A wire seems so primitive at first. A line connecting point A to point B. Merely information’s method of transportation. Even when multiple wires come into the picture, and they cross, join, split, fold over each other. Still, connecting point A to point B. I’m no electrical engineer, but I think that’s the basic concept. 

Then there are people. And this time, with human wiring, I feel like we all think we’re special. That we all have our own set of wires that are perfect for our own being. But I think our wires are very much like normal wires: connecting point A to point B. 

And we’re all wired similarly. Wired to have similar emotional responses, physical reactions, etc. But at times, people become.. unwired. Voluntarily. Or involuntarily. But I think it’s like we stop working the same way and feeling the right feelings because our wires crossed paths and currents are flowing all the wrong ways.

We aren’t wired for a cursory glance at life. The slipshod attitude we so often apply to areas of our lives is nothing but a mere act. Our wires are dripping with emotions. Whether we choose to let them seep in or shake off is a reflection of how well our wires are connecting point A to point B. Is the complexity in us beautiful or is it disheveled?

And you should know, I often unsafely assume I’m not alone in my thoughts, hence the use of the first person plural rather than singular.


No temptation has overtaken you that is not common to man.


mad hatter.

“Have I gone mad?”
“I’m afraid so. But let me tell you something: the best people usually are.” 

During my routine Saturday morning baking, I flipped on the TV. It’s a wonder the cookies didn’t turn out awful, because my attention shifted from the oat flour to Wonderland rather quickly. Alice has a lot to teach us, but while watching Disney’s 2010 version of the story, I think I loved most how her realization of reality unfolds. The tale is a progression from dream to actuality. The impossible becomes possible.

“Sometimes I believe in six impossible things before breakfast.

  1. There’s a potion that can make you shrink.
  2. There’s a cake that can make you grow.
  3. Animals can talk.
  4. Cats can disappear.
  5. There’s a place called Wonderland.
  6. I can slay the jabberwocky.”

During most of Alice’s journey through Wonderland, she believes she is simply dreaming, and will return home soon. The Red Queen isn’t an immediate threat and Alice’s duty to slay the jabberwocky isn’t of immediate importance because, of course, she is just dreaming and will return home soon.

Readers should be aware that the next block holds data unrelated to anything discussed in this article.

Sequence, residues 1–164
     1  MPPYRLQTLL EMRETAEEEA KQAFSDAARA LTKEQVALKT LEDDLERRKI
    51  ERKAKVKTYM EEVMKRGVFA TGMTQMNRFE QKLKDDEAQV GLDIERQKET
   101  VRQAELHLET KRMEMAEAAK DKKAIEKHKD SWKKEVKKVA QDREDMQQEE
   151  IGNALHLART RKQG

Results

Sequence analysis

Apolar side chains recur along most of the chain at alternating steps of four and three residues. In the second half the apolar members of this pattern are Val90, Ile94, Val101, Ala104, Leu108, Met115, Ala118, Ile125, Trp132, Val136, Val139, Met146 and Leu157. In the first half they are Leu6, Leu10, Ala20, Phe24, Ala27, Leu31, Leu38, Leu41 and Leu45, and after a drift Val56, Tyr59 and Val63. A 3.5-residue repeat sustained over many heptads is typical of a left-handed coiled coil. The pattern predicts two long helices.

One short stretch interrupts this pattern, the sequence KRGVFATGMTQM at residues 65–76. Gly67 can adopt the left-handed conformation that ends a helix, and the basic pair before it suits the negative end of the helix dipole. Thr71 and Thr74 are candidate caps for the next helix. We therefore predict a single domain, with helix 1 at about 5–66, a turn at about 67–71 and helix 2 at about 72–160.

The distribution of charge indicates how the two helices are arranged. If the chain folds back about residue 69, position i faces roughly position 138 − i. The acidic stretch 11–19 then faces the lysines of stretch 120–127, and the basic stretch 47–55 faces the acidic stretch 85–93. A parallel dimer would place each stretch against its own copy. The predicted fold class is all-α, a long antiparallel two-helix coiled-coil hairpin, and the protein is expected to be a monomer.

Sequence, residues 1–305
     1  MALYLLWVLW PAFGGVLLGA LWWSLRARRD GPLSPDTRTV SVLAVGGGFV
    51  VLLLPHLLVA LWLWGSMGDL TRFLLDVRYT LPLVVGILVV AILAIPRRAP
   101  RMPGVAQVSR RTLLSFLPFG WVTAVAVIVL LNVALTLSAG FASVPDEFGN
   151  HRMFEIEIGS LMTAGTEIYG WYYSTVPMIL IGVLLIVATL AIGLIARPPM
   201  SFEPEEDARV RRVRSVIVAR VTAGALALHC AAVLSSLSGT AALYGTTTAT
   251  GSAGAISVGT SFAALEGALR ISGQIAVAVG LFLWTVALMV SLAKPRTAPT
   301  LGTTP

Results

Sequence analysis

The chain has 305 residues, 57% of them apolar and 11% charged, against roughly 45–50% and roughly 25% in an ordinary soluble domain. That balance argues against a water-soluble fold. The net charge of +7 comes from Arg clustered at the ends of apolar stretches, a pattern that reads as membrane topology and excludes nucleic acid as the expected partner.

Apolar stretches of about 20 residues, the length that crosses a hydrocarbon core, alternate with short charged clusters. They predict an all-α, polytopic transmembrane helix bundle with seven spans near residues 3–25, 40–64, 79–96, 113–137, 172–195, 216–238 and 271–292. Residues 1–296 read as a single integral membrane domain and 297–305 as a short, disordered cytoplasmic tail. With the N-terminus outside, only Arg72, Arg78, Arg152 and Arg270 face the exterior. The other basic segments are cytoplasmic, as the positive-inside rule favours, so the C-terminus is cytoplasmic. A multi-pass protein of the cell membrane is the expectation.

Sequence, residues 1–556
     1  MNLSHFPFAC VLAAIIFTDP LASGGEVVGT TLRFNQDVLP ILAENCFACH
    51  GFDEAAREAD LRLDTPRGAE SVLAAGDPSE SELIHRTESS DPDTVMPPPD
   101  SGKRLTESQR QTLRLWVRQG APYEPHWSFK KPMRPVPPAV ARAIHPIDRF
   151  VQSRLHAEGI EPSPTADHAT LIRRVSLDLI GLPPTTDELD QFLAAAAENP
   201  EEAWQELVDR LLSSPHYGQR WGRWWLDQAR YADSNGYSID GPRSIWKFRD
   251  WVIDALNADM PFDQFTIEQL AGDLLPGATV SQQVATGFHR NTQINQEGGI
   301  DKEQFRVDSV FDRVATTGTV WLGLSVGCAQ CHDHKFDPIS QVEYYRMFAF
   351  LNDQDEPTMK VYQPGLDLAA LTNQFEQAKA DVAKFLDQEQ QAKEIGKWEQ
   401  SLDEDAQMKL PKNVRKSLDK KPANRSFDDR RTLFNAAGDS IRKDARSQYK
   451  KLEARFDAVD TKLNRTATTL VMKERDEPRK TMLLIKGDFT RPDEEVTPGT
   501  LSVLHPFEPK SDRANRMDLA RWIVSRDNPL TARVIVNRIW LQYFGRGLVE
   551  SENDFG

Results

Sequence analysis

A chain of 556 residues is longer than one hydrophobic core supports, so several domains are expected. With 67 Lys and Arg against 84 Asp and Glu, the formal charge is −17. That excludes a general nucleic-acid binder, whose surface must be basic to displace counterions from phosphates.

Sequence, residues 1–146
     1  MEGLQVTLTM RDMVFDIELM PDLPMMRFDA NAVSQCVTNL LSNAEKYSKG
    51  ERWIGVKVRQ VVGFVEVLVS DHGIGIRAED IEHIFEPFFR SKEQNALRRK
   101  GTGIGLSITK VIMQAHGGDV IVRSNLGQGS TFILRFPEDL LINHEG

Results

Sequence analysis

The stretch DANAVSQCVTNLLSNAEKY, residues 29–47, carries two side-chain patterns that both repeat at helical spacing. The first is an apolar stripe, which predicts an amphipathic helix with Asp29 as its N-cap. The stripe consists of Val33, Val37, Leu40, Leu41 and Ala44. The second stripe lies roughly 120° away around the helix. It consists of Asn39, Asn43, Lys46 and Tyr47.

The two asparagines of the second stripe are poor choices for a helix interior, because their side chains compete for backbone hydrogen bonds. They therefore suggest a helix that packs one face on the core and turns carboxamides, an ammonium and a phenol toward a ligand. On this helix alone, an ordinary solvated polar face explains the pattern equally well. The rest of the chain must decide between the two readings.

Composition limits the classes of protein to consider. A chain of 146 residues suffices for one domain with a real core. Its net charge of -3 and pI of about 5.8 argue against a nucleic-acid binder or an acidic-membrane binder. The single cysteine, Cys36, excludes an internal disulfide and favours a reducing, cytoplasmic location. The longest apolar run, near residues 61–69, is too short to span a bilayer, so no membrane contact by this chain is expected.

But Alice is stagnant.

She hasn’t gone home, isn’t waking up. And she’s made friends. She allowed herself to become so entangled in her dream world because she’s convinced it isn’t real. And when the time comes to defeat the enemy, she isn’t scared. Because if so many impossible things have happened to her already in Wonderland, then why not another?

This is impossible.”
Only if you believe it is.”

What if we lived life a little bit more like Alice? Unafraid of the impossible. I think we would all take a little more risk if we knew we were living in a dream, and would just wake up like nothing ever happened. But why should we reserve the impossible for our dreams and hold on to the possible as our safety net? Alice believed in the impossible, which allowed her to do immeasurably more. What if dreaming the impossible is really just another way of referencing the strength of our faith? Having faith in what is Right, in what is True, so that we are able to turn the abstract and the unattainable into, simply, immeasurably more. And as our faith continuously delivers, it grows. Just like Alice’s.

P.S. Here’s the recipe to the cookies I made this morning. Strongly recommended. Foodie Friday: Elizabeth Rider + Healthy Pumpkin Spice Cookies.


Now to Him who is able to do immeasurably more than all we ask or imagine, according to His power that is at work within us, to Him be the glory.


Today, I’ve been reminded of what a home is.

After my internship in St. Louis this summer didn’t conclude in a job offer, I moved back home. Regretfully, begrudgingly, kicking and screaming. My hometown is one of those towns everyone hates in high school, yet no one seems to actually leave. I’ve been determined since about age fourteen to defy the norm. To get out. So what did I do? Moved back. Because I was (a) broke, (b) unemployed and (c) homeless. (Quick shout-out to my parents for their financial, emotional, etc. support.) Let me fill you in on the booming metropolis that is my hometown.

Farmington, MO:

  • “The City of Tradition and Progress” and Oxymoronic Tag Lines
  • Population of about 17,000 with a growth rate of 24% since 2000 (told ya, booming)
  • 88.8% of population is white
  • 291 residents are foreign born
  • 16% of adults have a college degree
  • (Personal) approximation of  7,342 churches
  • Equivalent number of fast food restaurants
  • At least an hour away from a Target, a shopping mall and a Starbucks

Many people here are stuck. They don’t know they are, and I think they’d be rather okay with it if they knew. It’s a nice town; voted number one place to raise your kids in Missouri in 2010. Great school district, two hospitals, plenty of activities for the kiddos.

I just don’t fit here anymore. I knew I had outgrown this town before I could legally buy scratch-offs.  College, my semester studying abroad, living in St. Louis this summer. Those worked. Farmington just doesn’t work anymore. And I’m afraid if I stay here, I’ll be stuck too. I’m not looking to settle or marry or adopt a puppy or have 2.5 kids anytime soon.